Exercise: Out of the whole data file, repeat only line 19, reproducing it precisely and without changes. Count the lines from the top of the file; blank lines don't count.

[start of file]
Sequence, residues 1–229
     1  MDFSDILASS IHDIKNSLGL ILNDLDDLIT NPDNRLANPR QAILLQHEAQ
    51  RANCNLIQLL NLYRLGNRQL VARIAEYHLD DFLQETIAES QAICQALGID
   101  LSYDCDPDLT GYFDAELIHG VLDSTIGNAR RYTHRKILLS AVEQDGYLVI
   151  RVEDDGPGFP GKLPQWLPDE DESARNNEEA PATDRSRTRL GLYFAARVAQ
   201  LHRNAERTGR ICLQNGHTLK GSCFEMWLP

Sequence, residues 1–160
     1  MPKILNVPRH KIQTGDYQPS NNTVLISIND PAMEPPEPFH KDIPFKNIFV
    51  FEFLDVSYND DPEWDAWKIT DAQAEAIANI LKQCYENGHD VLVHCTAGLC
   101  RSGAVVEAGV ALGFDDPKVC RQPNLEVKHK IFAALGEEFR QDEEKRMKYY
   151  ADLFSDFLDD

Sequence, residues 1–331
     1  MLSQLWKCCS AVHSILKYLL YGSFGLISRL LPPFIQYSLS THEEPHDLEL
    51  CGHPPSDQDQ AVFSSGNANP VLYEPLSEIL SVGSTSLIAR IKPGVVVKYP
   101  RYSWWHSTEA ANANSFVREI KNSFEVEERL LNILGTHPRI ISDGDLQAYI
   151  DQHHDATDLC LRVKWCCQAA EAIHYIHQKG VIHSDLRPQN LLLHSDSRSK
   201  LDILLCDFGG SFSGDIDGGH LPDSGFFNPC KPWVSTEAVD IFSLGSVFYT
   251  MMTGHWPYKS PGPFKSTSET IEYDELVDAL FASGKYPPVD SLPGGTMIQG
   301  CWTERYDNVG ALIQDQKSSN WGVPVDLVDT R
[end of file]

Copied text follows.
   301  CWTERYDNVG ALIQDQKSSN WGVPVDLVDT R